Author Topic: DUTCH OVEN CAMP RECIPES  (Read 43228 times)

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Offline wolfy

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DUTCH OVEN CAMP RECIPES
« on: April 26, 2012, 06:41:20 PM »
I didn't put this in the recipe section, as it is a PDF file from www.camp-cook.com It's another forum I have hung out on in the past, but just don't have the time anymore.  There are lots of good folks there, but they are more into teardrop trailers, gathering to cook in Dutch ovens, collecting iron, etc.  If you drop by, tell 'em I sent you.

Here's the file of over 1100 recipes............ ..................t hat I swiped >:D

http://www.camp-cook.com/postings/campfire_cooking.pdf
« Last Edit: November 10, 2012, 07:07:40 PM by wolfy »
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Offline Old Philosopher

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Re: Dutch Oven Camp Recipes
« Reply #1 on: April 26, 2012, 06:53:04 PM »
Great resource! Thanks!
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Offline zammer

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Re: Dutch Oven Camp Recipes
« Reply #2 on: April 27, 2012, 09:43:57 AM »
Good God man, thats the Motherlode!....cool that they allow the recipes to be freely shared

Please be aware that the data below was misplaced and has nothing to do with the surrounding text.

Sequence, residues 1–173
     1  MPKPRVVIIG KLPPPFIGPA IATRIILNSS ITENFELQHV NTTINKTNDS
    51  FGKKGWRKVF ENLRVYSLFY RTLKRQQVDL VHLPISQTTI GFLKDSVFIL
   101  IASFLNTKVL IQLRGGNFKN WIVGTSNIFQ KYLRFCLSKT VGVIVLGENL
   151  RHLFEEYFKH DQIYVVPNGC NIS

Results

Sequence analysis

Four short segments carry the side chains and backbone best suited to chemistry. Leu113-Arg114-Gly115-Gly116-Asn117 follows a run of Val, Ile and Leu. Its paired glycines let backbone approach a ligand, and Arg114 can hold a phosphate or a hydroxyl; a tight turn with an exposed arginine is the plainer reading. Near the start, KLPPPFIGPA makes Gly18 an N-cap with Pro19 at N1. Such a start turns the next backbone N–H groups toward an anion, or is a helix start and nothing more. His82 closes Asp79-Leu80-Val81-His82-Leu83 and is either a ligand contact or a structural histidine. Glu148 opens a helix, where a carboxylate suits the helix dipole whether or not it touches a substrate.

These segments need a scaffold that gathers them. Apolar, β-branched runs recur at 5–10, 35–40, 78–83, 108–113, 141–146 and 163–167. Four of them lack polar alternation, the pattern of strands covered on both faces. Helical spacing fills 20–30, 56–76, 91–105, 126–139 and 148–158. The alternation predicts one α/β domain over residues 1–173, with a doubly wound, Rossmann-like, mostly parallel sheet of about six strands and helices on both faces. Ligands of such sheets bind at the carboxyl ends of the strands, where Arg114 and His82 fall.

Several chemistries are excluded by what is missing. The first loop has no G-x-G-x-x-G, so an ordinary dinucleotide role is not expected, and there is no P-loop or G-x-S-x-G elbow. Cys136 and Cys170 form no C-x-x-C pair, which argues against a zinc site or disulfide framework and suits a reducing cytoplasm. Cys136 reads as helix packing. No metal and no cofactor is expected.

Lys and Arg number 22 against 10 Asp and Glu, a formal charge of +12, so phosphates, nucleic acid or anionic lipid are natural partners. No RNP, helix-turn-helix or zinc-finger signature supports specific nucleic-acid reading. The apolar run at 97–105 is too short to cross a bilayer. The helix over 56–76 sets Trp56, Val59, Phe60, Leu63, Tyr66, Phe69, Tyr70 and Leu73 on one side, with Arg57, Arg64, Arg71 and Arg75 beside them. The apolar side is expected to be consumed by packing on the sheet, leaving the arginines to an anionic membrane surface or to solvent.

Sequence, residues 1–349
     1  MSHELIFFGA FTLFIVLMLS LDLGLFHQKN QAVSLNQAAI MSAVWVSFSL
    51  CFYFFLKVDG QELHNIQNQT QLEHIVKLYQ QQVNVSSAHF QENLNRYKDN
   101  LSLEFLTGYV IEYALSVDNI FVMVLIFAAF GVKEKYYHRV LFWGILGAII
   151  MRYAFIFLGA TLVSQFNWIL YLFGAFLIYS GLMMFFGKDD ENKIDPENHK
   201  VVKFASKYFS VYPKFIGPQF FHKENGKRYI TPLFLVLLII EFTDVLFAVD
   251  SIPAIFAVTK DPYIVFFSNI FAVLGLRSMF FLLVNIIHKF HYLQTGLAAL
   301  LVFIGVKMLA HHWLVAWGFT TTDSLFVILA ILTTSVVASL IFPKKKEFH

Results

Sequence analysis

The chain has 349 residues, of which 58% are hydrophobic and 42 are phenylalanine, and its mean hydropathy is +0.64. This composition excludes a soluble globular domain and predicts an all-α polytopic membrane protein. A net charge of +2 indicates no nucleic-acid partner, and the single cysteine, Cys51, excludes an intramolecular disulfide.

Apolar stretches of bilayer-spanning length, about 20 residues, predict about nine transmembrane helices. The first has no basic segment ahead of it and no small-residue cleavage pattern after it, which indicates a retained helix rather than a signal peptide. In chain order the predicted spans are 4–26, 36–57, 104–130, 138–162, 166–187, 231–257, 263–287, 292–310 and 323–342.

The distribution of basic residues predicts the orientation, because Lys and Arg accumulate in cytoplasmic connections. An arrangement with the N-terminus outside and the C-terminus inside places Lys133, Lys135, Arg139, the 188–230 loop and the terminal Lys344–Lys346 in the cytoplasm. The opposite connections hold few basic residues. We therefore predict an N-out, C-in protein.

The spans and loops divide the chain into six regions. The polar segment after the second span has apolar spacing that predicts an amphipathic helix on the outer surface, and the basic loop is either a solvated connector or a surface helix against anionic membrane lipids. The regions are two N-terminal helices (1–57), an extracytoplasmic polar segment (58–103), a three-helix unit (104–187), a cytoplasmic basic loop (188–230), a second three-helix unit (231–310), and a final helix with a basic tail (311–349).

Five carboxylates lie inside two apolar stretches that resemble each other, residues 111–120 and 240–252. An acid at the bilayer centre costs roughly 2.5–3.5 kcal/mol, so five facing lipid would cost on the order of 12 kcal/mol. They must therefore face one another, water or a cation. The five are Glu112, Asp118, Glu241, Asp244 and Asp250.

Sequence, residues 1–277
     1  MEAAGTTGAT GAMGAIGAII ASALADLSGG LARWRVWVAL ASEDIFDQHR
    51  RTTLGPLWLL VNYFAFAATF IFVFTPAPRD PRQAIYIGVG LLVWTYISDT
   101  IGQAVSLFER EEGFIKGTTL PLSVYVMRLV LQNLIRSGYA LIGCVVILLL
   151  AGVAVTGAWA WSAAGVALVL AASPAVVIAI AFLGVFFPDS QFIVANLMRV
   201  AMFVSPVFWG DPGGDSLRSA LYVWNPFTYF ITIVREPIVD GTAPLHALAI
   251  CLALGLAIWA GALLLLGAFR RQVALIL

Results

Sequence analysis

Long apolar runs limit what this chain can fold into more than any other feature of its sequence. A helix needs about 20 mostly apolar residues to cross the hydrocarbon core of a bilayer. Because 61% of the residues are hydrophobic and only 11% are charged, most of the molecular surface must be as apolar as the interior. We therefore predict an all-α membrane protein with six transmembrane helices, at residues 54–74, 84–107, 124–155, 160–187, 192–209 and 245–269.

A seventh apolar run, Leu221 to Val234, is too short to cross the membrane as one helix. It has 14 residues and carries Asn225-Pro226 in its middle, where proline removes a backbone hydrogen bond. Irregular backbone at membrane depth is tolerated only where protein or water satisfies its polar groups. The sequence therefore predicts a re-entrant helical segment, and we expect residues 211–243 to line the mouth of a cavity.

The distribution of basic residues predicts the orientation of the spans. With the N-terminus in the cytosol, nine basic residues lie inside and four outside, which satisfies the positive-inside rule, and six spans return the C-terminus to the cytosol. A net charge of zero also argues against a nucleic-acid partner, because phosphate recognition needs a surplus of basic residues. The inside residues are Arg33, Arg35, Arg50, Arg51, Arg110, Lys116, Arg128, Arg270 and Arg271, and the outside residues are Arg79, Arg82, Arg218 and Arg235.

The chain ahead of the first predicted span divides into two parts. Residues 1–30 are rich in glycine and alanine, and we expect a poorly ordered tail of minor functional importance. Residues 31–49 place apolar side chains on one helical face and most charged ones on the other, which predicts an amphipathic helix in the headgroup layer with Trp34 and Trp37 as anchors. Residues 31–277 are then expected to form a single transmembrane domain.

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Offline Smokewalker

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Re: Dutch Oven Camp Recipes
« Reply #3 on: April 27, 2012, 01:56:31 PM »
 :banana: :banana: :banana: :thumbsup: BOOKMARKED for future yummyness!
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Offline Gryphon

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Re: Dutch Oven Camp Recipes
« Reply #4 on: April 28, 2012, 06:22:56 PM »
Way cool.  That's in my archives now too!  Really great that it's a pdf! 
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Offline greyhound352

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Re: Dutch Oven Camp Recipes
« Reply #5 on: April 29, 2012, 05:09:35 AM »
Thanks for posting this, Wolfy.
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Offline wolfy

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Re: Dutch Oven Camp Recipes
« Reply #6 on: June 05, 2012, 07:02:12 PM »
We have used this collection of DUTCH OVEN RECIPES in our Scout troop as kind of a 'standard bearer' for recipes when we're looking for something new for the boys to prepare for their meals.  It was originally collected by a Scoutmaster from and for use by the leaders in preparing Dutch oven meals for themselves in their own own camps and has been added to for years.  There are a lot of great proven and tasy dishes in here, and just like the one in my first post has lots to choose from.......113 pages of goodness 8)

http://www.macscouter.com/cooking/geezercookbook.asp
 :tent:
« Last Edit: January 23, 2015, 05:59:02 PM by PetrifiedWood »
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Offline wolfy

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Re: Dutch Oven Camp Recipes
« Reply #7 on: June 12, 2012, 04:45:53 PM »